If you take it once, and say you find it entrancing or interesting or attractive, what’s the thought process? How do you model what happens next?

POLLAN: That’s one of the really interesting things about them. You have this big experience, often positive, not always though. I had, on balance . . . all the experiences I described in the book, with one notable exception, were very positive experiences.

But I did not have a powerful desire to do it again. It doesn’t have that self-reinforcing quality, the dopamine release, I don’t know what it is, that comes with things that we like doing: eating and sex and sleep, all this kind of stuff. Your first thought after a big psychedelic experience is not “When can I do it again?” It’s like, “Do I ever have to do it again?”

COWEN: It doesn’t sound fun, though. What am I missing?

POLLAN: It’s not fun. For me, it’s not fun. I think there are doses where that might apply — low dose, so-called recreational dose, when people take some mushrooms and go to a concert, and they’re high essentially.

But the kind of experience I’m describing is a lot more — I won’t use the word profound because we’ve charged that one — that is a very internal and difficult journey that has moments of incredible beauty and lucidity, but also has dark moments, moments of contemplating death. Nothing you would describe as recreational except in the actual meaning of the word, which is never used. It’s not addictive, and I think that’s one of the reasons.

I did just talk to someone, though, who came up to me at a book signing, a guy probably in his 70s. He said, “I’ve got to tell you about the time I took LSD 16 days in a row.” That was striking. You can meet plenty of people who have marijuana or a drink 16 days in a row. But that was extraordinary. I don’t know why he did it. I’m curious to find out exactly what he got out of it.

In general, there’s a lot of space that passes. For the Grateful Dead, I don’t know. Maybe it was a nightly thing for them. But for most people, it doesn’t seem to be.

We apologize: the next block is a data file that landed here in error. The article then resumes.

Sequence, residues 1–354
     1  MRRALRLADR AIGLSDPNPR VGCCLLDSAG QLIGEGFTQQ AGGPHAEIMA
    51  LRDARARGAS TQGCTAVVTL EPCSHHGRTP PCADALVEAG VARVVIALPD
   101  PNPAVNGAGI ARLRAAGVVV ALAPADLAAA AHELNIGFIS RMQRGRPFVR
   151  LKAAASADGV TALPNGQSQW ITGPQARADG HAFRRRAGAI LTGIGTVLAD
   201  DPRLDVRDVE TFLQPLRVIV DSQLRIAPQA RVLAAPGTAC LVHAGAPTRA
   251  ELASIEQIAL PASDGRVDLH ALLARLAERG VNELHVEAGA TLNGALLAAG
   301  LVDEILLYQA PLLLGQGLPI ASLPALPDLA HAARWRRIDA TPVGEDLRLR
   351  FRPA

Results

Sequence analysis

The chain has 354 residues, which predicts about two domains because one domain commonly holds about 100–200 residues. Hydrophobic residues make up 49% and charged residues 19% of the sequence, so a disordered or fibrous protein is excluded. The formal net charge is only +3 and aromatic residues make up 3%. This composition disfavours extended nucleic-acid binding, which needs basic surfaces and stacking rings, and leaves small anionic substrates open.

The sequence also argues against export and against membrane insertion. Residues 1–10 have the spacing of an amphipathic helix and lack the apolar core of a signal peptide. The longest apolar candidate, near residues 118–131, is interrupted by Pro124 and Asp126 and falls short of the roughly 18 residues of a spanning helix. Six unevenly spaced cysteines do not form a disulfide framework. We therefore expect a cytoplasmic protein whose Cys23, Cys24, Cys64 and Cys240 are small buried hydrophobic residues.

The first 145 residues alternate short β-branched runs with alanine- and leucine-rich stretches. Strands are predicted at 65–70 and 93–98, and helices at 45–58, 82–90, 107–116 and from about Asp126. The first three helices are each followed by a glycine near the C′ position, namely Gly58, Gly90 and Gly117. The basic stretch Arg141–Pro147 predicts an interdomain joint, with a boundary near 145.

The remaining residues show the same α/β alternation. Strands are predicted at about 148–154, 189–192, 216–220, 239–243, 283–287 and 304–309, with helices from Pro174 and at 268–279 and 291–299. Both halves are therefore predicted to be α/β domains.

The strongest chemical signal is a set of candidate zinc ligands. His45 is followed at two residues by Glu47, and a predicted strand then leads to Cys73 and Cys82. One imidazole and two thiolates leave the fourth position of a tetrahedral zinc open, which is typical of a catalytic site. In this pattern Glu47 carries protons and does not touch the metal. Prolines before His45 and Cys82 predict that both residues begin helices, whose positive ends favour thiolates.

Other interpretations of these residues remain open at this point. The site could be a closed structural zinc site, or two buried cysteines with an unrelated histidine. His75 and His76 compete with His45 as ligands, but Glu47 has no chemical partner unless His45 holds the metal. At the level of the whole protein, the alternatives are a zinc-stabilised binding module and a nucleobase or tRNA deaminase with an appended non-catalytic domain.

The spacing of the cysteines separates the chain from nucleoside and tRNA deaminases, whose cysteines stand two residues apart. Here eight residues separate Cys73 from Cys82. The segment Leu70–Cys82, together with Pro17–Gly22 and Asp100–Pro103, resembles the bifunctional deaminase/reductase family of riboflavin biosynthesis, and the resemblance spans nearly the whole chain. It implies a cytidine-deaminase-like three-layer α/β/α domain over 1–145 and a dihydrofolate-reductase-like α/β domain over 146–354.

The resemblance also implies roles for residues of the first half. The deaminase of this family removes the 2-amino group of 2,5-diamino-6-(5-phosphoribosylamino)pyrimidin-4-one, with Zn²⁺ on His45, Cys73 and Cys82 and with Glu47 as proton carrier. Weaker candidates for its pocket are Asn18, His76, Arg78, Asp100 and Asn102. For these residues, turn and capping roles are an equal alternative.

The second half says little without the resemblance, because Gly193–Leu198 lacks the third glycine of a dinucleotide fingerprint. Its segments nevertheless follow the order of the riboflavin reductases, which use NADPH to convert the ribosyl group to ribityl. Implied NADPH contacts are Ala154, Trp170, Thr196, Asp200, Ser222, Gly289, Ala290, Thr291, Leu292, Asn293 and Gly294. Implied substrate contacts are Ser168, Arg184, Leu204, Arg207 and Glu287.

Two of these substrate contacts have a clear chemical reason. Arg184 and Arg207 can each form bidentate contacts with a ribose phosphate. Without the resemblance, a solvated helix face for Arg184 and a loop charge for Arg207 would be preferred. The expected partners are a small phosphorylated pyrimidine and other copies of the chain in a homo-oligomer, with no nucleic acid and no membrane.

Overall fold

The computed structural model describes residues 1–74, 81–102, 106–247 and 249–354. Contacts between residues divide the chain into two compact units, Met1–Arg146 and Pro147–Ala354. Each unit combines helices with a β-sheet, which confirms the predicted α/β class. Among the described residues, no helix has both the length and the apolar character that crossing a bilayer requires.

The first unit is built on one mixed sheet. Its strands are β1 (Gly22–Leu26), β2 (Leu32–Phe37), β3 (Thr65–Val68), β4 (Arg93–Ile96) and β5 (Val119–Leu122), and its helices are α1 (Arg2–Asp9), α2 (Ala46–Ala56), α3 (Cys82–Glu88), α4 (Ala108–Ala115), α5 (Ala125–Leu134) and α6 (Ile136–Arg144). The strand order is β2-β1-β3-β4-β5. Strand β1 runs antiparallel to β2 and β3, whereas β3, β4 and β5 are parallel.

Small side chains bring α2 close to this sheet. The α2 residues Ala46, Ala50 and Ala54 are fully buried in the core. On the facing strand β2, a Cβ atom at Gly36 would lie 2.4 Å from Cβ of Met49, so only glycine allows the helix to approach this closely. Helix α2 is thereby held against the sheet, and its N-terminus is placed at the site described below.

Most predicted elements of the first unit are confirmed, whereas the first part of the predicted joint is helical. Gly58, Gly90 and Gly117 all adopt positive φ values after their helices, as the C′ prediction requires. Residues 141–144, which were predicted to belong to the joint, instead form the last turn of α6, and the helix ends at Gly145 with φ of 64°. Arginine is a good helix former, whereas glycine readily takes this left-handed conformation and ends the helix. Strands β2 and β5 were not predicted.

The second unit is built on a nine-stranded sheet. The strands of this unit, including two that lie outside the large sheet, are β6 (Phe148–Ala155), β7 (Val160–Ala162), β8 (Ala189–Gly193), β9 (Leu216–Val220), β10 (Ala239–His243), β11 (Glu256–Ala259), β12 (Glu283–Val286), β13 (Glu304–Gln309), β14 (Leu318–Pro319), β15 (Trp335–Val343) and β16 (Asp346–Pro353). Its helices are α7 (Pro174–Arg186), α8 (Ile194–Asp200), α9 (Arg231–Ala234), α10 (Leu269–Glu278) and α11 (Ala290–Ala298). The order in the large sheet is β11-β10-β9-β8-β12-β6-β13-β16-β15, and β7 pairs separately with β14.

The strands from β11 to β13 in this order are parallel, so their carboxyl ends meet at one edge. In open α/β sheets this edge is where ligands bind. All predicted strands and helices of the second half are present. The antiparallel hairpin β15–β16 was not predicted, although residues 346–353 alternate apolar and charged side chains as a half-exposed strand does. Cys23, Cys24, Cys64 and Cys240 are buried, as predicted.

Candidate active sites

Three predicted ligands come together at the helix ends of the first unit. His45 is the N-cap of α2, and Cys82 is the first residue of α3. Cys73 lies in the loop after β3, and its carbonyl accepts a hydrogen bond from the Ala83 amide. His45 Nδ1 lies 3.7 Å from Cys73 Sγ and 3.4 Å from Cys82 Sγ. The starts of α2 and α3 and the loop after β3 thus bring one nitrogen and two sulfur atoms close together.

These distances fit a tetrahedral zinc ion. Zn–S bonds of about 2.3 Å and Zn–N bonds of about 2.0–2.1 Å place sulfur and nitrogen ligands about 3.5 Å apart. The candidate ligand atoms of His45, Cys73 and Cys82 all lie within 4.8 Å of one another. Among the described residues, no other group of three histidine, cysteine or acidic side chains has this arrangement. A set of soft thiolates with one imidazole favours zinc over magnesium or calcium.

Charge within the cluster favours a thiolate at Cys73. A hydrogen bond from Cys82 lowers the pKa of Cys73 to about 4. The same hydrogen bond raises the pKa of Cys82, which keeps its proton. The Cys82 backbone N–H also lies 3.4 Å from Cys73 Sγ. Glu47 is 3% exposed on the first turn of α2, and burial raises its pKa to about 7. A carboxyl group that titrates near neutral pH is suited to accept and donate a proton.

COWEN: Say I tried it, and I found it fascinating but not fun. Shouldn’t I then think there’s something wrong with me that the fascinating is not fun? Shouldn’t I downgrade my curiosity?

POLLAN: [laughs] Aren’t there many fascinating things that aren’t fun?

COWEN: All the ones I know, I find fun. This is what’s striking to me about your answer. It’s very surprising.

W even talk about LSD and sex, and why a writer’s second book is the key book for understanding that writer.  Toward the end we cover the economics of food, and, of course, the Michael Pollan production function:

COWEN: What skill do you tell them to invest in?

POLLAN: I tell them to read a lot. I’m amazed how many writing students don’t read. It’s criminal. Also, read better writers than you are. In other words, read great fiction. Cultivate your ear. Writing is a form of music, and we don’t pay enough attention to that.

When I’m drafting, there’s a period where I’m reading lots of research, and scientific articles, and history, and undistinguished prose, but as soon as I’m done with that and I’ve started drafting a chapter or an article, I stop reading that kind of stuff.

Before I go to bed, I read a novel every night. I read several pages of really good fiction. That’s because you do a lot of work in your sleep, and I want my brain to be in a rhythm of good prose.

Defininitely recommended, as is Michael’s latest book How to Change Your Mind: What the New Science of Psychedelics Teaches Us About Consciousness, Dying, Addiction, Depression, and Transcendence.

What I’ve been reading

1. David Foenkinos, Charlotte: A Novel.  A holocaust escape story, written in a kind of blank verse, this book was a bestseller in many countries but mostly ignored in the United States.  Original, recommended, and a quick but compelling read.

2. John Foot, Archipelago: Italy Since 1945.  There should be more books like this, namely giving you a smart overview of the recent history of an important country.  This one is especially strong on the nature of Italian corruption, the importance of connections in Italy, changes in the Italian education system, and the origins of the Northern League.